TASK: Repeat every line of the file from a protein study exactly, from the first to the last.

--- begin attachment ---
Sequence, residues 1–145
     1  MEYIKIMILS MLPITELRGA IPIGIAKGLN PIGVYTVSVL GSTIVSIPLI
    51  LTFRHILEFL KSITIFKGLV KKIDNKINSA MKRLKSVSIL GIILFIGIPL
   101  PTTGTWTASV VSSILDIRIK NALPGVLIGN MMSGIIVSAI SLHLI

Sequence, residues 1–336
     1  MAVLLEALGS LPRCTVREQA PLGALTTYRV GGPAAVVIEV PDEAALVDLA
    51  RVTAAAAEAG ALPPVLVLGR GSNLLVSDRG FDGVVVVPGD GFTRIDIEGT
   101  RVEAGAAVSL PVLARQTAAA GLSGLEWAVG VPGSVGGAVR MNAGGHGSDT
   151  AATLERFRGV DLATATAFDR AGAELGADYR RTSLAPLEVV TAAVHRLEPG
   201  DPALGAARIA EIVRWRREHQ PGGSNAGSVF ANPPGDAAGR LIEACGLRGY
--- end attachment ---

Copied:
Sequence, residues 1–145
     1  MEYIKIMILS MLPITELRGA IPIGIAKGLN PIGVYTVSVL GSTIVSIPLI
    51  LTFRHILEFL KSITIFKGLV KKIDNKINSA MKRLKSVSIL GIILFIGIPL
   101  PTTGTWTASV VSSILDIRIK NALPGVLIGN MMSGIIVSAI SLHLI

Sequence, residues 1–336
     1  MAVLLEALGS LPRCTVREQA PLGALTTYRV GGPAAVVIEV PDEAALVDLA
    51  RVTAAAAEAG ALPPVLVLGR GSNLLVSDRG FDGVVVVPGD GFTRIDIEGT
   101  RVEAGAAVSL PVLARQTAAA GLSGLEWAVG VPGSVGGAVR MNAGGHGSDT
   151  AATLERFRGV DLATATAFDR AGAELGADYR RTSLAPLEVV TAAVHRLEPG
   201  DPALGAARIA EIVRWRREHQ PGGSNAGSVF ANPPGDAAGR LIEACGLRGY